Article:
Gibbons’ black plumed hat, also at Manassas. About 20 years ago, I held his VMI class ring in my hand, and saw his sword, as well as a number of personal items, during a visit with his great-grandnephew (a direct descendant of Sim’s brother, Alfred). Wish I would have taken photos…

William, who had matriculated at VMI in July 1860, was detailed as drillmaster in Richmond and Harper’s Ferry, drilling both Co. K, 10th Virginia Infantry (the “Page Volunteers” from Page County), and Co. K, 1st Tennessee Infantry. Meanwhile, with the bulk of the Gibbons family having moved to Rome, Georgia after selling “Willow Grove” in 1860… John enlisted in Co. A (the “Rome Guards”), 8th Georgia Infantry.

Ultimately, John would be the first casualty of the Gibbons family, dying of typhoid (or pneumonia) in Centreville (though another account claims Middletown), Virginia, on the same day in which his regiment was initiated in battle at First Manassas, July 21, 1861. He was the last Gibbons family member interred in the family plot near “Willow Grove” (his grave is currently unmarked; the stone is believed to have been destroyed by cows after the fence deteriorated over the years).

Less than 10 months later, “Sim”, while leading his regiment up Sitlington’s Hill, near McDowell, Virginia, was struck by two bullets to the forehead. The wounds were clearly mortal, but members of his regiment rushed the colonel to the rear. Serving as Simeon’s orderly at the time, William Gibbons arrived by his brother’s side, just after Sim had died.

(Thirty-three second video of the McDowell Battlefield. At frame 14.3, I point out the general area in which Gibbons received his mortal wound)

Simeon was buried in the Shacklett family plot in Woodbine Cemetery, Harrisonburg, Virginia. His grave is next to that of his wife, Fannie.

*More to follow in separate biographical sketches about William and Alfred, as well as sketches about VMI classmates Yager and Strickler.

** See this link for better images of Gibbons’ coat, hat, AND tobacco found in his coat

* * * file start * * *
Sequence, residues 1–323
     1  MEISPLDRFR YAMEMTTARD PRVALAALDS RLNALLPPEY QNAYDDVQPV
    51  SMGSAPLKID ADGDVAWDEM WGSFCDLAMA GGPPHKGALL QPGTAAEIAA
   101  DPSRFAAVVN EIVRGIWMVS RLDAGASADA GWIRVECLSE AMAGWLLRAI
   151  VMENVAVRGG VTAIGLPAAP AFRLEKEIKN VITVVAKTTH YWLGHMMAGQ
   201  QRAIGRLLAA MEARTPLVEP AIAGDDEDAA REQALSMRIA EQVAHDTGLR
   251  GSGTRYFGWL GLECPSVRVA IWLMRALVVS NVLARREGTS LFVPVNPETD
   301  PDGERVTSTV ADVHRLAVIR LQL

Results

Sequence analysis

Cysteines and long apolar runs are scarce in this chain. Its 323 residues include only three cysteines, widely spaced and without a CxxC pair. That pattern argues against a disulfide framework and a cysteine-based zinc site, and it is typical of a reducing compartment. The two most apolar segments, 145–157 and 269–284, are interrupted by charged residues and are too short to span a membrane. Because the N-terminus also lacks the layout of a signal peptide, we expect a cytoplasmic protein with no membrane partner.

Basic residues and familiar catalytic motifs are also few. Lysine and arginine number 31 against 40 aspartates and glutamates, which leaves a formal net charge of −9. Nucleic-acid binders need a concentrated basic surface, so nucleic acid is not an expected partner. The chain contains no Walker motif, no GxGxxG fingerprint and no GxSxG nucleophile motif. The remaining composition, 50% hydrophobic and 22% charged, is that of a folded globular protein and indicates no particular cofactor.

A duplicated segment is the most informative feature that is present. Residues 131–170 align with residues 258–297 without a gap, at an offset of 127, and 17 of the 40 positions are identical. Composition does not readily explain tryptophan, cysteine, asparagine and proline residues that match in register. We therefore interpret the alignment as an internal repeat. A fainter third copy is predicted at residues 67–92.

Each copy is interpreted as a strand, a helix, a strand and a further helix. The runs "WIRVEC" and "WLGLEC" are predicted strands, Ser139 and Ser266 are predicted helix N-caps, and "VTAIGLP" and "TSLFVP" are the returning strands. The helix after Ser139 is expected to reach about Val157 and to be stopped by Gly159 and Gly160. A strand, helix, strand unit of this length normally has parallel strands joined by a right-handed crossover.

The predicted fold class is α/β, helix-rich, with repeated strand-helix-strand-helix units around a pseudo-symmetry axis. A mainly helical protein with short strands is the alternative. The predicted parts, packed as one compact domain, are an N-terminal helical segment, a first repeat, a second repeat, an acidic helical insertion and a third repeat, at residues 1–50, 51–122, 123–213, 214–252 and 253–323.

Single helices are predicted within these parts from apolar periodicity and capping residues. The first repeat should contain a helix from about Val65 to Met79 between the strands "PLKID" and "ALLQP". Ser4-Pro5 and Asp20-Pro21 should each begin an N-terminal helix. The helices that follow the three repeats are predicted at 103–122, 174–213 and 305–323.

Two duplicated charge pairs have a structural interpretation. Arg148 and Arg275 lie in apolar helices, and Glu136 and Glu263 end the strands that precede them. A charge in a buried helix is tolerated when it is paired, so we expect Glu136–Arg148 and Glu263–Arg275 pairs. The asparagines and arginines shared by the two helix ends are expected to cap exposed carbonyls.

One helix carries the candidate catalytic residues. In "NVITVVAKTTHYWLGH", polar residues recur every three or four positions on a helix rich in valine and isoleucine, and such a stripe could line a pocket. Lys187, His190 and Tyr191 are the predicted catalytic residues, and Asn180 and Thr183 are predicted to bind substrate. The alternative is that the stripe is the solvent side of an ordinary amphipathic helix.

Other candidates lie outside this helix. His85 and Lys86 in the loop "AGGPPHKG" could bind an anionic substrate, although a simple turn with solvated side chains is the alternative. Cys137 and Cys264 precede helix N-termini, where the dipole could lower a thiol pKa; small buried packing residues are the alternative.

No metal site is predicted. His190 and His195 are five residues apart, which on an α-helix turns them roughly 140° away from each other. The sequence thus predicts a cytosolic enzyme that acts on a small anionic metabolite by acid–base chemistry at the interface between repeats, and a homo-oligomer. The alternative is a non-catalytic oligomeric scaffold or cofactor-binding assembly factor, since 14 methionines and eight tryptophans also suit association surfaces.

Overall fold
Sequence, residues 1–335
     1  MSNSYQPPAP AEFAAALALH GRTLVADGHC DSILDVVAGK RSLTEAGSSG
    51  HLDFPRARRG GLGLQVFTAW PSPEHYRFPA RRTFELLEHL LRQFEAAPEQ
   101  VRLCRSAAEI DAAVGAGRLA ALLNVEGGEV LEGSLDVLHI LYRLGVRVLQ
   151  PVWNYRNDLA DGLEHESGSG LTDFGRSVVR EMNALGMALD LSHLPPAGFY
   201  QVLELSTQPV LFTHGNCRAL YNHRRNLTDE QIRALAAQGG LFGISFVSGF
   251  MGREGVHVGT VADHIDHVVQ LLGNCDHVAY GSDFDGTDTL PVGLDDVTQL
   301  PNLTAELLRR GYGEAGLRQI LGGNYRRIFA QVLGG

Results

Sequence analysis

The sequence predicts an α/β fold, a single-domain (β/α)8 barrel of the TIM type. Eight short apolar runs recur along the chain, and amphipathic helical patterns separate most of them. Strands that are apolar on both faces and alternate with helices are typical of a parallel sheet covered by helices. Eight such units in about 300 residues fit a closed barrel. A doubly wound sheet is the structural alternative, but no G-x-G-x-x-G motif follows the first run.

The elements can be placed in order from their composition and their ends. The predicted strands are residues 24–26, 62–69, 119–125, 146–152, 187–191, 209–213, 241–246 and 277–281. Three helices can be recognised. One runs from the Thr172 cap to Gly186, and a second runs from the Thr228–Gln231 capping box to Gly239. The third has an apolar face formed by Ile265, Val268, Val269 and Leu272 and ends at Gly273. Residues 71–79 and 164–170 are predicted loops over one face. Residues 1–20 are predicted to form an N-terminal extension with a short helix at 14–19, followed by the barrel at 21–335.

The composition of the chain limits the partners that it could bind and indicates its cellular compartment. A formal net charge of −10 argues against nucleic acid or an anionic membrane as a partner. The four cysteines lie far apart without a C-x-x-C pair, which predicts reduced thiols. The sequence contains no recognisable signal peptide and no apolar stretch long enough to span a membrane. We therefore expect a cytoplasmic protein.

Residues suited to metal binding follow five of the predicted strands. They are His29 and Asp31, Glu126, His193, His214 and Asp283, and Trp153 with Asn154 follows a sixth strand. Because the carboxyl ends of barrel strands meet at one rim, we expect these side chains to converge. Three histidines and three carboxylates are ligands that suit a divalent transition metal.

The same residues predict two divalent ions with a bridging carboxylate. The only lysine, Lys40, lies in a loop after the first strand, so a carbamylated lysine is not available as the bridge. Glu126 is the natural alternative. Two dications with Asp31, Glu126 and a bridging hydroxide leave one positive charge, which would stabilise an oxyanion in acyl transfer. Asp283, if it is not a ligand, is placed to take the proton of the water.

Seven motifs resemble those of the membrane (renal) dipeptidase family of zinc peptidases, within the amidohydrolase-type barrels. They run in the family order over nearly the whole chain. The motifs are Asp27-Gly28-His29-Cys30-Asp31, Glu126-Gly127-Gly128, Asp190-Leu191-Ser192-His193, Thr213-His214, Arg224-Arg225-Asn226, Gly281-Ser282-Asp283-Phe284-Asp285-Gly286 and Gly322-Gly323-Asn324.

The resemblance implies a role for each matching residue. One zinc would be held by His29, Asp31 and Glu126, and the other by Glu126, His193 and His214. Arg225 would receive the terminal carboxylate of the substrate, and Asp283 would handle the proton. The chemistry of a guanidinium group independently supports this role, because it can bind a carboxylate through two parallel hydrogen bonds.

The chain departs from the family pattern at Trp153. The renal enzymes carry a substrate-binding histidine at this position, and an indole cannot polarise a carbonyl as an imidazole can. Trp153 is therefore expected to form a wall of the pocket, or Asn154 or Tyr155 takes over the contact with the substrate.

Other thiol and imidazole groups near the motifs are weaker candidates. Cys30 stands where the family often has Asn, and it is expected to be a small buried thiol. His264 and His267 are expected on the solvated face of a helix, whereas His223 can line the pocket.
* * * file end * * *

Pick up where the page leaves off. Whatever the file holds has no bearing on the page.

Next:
14 Responses “Simeon B. Gibbons (1833-1862)” →

  1. William Brockner

    May 26, 2011

    Thanks. Writing up a proposed article on the Va/CSA Once and Tenuous Outpost in Jefferson
    County in the Spring of 1861, including letter wriiten by Simeon in late May to father Sam in Georgia about the politics involved in the officer selection process. Your article clarifies that he was Col of the 4th Inf.He writes that he doesn’t retain command, he will be in the fight with “a musket.” Death at Mcdowell not noted in Mcpherson’s ” Stonewall.”

    Reply

  2. Brian Houston

    October 25, 2011

    There is a partial letter from the Simeon Gibbon Collection, drawer 150 – Box 105 at the GA State Archives. It was written after 1st Bull Run (Date Missing) and most of the letter is missing and I was wondering if you have ever seen this full letter anywhere? Nice Blog

    Reply
    • Thanks for commenting, and your remark about the blog. I’m familiar with the Gibbons Family collection there, but haven’t had the opportunity to look through it, personally. Most of what I have used, in my articles for the newspaper in Luray, were published in those newspapers in the early 20th century.

      Reply

  3. Phillip Gibbons

    November 28, 2011

    Somewhere in my papers I have copies of Col Gibbons’ correspondance from early 61 until just before his death. They are copies of copies of the originals, but still in good reading order. The originals were housed at the Manassas Battlefield museum for years until they came up “missing” around the late 60’s or early 70’s. They were part of the original collection donated by the Gibbons family long before the current museum configuration.

    I would be willing to share his correspondance if you are interested in viewing them

    R/S

    Reply

  4. Phillip Gibbons

    November 30, 2011

    I’ll go through my boxes of stuff this weekend. Should be no problem sending you copies of the documents. They are really a great read. A good deal of the content deals with financial affairs and maintaining his affairs back in Harrisonburg. I really like the letter where he describes his white leather sword belt.

    R/S

    Phil

    Reply
    • Thanks much. Look forward to them!

      Reply

      • Jan Fisher

        August 29, 2012